A. Yes.

Q. Were you and your son even on the playground on September 24, 2003?

A. No, we were not.

Q. Where were you on that date?

A. Occupational therapy.

Q. Do you have records that support where you were on that date?

A. Yes, I have the Medicaid billing for occupational therapy on that date because Medicaid is -- the State of Maine was paying for that service.

Q. So, if there are any records or information or hearsay that you or your son were on the playground on September 24th, that would be incorrect?

A. That would be incorrect.

Q. Now, you met on September 25th, 2003, with Barbara Powers and Barbara Katz; is that correct?

A. Mora Katz.

Q. I'm sorry, Mora Katz. Barbara Powers and Mora Katz?

A. Yes.

Q. What was the purpose of that meeting?

A. My son had been bullied several times on the playground by other children even prior to our September 11th meeting, at which time I brought that up. I was concerned that there did not seem to be a protocol that I could follow because I don't work for the school and I didn't know what to do about this. So I asked to meet with those people and say, well, what do we do? And Charles bullied a mom. I have no authority. What is the procedure we should follow?

Q. In your 33 years in the Falmouth School Department did you ever receive any written communication from the school department outlining the school department's harassing or bullying policy?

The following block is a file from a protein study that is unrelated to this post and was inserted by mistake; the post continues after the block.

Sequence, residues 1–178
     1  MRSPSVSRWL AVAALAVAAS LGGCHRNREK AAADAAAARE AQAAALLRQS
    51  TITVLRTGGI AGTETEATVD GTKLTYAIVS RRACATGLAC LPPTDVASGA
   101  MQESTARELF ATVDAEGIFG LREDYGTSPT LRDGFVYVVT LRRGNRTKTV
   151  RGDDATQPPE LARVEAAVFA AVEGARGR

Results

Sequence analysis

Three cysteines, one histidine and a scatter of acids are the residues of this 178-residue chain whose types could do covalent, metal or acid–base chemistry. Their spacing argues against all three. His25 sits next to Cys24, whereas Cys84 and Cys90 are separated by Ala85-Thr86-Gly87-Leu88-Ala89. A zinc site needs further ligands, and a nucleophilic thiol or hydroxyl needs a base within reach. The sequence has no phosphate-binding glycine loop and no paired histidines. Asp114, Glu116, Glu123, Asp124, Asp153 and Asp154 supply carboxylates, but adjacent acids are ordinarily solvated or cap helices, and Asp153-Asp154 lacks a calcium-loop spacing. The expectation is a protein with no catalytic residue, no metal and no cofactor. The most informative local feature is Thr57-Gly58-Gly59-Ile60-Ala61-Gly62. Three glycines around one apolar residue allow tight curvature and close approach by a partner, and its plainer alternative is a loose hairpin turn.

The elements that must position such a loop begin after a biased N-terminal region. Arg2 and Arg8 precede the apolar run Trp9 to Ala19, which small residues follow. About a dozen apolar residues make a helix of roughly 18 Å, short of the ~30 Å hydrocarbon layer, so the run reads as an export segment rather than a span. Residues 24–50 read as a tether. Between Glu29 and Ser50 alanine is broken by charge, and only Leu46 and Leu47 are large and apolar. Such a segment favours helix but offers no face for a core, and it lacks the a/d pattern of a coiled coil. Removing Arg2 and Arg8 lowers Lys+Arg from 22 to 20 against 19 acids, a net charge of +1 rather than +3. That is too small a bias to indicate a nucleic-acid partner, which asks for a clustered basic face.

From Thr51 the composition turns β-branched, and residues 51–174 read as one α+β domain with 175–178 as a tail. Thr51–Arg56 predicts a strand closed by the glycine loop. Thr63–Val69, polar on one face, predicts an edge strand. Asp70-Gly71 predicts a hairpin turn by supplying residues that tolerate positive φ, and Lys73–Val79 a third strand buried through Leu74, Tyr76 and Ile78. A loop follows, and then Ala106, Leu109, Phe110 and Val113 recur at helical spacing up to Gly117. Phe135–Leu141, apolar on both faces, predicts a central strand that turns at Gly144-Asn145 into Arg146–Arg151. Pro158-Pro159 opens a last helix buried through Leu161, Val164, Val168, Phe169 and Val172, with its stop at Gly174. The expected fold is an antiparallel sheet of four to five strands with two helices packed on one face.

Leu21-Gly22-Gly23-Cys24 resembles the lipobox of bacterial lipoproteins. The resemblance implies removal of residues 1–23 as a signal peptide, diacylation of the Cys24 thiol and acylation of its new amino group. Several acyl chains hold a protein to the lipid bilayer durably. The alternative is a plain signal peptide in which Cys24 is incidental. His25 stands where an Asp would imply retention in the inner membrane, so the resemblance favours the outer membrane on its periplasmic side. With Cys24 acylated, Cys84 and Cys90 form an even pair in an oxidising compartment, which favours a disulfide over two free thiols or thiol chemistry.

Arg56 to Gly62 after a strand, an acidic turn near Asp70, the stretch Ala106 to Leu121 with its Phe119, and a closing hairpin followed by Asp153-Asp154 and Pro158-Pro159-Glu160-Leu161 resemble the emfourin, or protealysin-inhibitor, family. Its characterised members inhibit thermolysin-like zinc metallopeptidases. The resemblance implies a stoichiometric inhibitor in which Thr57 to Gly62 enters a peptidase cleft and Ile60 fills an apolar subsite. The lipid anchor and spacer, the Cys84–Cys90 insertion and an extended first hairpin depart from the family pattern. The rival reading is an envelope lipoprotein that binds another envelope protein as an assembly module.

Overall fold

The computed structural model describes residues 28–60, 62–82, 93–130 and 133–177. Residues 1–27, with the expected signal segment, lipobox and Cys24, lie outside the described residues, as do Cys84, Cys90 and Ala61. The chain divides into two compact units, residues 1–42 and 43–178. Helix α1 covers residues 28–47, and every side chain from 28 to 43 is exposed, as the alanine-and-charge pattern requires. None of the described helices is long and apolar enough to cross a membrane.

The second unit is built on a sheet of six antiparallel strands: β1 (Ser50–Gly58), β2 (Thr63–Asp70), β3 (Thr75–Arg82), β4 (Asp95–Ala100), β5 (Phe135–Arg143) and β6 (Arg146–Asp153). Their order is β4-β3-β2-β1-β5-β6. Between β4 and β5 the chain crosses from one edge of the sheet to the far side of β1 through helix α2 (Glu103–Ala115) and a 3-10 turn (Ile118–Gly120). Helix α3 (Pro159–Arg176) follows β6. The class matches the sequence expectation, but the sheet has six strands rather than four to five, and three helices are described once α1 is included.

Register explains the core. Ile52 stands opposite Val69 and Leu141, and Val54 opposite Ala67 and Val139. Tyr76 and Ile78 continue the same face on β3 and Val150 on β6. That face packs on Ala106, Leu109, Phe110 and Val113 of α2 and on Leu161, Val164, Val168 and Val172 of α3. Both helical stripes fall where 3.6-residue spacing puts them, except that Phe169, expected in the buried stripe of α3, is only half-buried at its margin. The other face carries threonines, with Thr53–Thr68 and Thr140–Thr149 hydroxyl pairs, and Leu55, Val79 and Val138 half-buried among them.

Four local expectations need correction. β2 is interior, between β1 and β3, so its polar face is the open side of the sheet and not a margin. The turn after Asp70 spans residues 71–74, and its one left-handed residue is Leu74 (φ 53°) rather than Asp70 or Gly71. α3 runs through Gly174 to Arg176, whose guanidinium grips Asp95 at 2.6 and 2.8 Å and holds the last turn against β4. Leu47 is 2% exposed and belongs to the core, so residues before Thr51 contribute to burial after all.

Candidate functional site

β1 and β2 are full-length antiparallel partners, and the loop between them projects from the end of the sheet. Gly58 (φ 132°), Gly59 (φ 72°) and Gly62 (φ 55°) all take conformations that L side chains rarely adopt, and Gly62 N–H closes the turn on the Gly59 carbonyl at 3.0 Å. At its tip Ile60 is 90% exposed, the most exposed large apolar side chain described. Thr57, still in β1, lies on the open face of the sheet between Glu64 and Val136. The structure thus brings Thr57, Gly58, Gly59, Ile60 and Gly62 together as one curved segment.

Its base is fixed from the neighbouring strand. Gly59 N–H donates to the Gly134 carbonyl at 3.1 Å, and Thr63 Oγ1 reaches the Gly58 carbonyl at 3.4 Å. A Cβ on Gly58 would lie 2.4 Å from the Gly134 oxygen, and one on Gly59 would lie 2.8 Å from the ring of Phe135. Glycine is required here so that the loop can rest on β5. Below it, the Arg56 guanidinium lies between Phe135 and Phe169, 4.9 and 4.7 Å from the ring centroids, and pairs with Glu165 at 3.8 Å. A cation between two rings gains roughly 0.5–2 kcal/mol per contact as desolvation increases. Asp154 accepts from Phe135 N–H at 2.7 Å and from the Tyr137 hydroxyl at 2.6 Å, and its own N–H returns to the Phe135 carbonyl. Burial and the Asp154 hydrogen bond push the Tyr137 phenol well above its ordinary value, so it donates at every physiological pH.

MS. HEWEY: Objection.


MS. HEWEY: She has testified that he was in the school for one year.

THE WITNESS: I have a daughter who is in the school, also.

MR. COLES: I believe the witness has testified that he was in second grade at the Lunt School and has been home-schooled with special services, that he is still part of the Falmouth School Department even for those limited services.

THE COURT: The question is whether you had ever received such a document. You may answer that question.

THE WITNESS: Not for either of my children.


Q. You have another child in the Falmouth school system?

A. I have a daughter, Bridget, who was in the Falmouth school system for two years. She currently attends Catherine McAuley High School.

Q. In the two years that she attended Falmouth school -- Falmouth schools, did you ever receive an anti-harassment or bullying letter from the school department?

A. No.

Q. Now, you understood that your son was being followed around from September 30th to November 7th of 2003?

A. Yes.

Q. That was at the playground at the Plummer School?

A. Yes.

Q. Did anyone ever tell you that they were following your son around and taking notes of what he was doing?

A. No. And that really surprised me because in 25 years of working in the field of education I know there is a procedure to do something like that. You have to get parental permission to do that for purposes of privacy.

Q. Had you ever seen any child followed around the playground in all your years of education and someone taking notes as to their behavior?

A. Occasionally for a day but not for six weeks.

Q. Did you request that the school provide you with a copy of the so-called snooping notes of your son?

A. Beginning on October 1st I wrote a request for these because my son looked significantly different compared to his peers with adults following him with clipboards. I wrote on October 21st, October 31st, again on October 31st, and again on November 5th, and asked: Are there people taking data, observing my son, following my son and/or recording any information about him?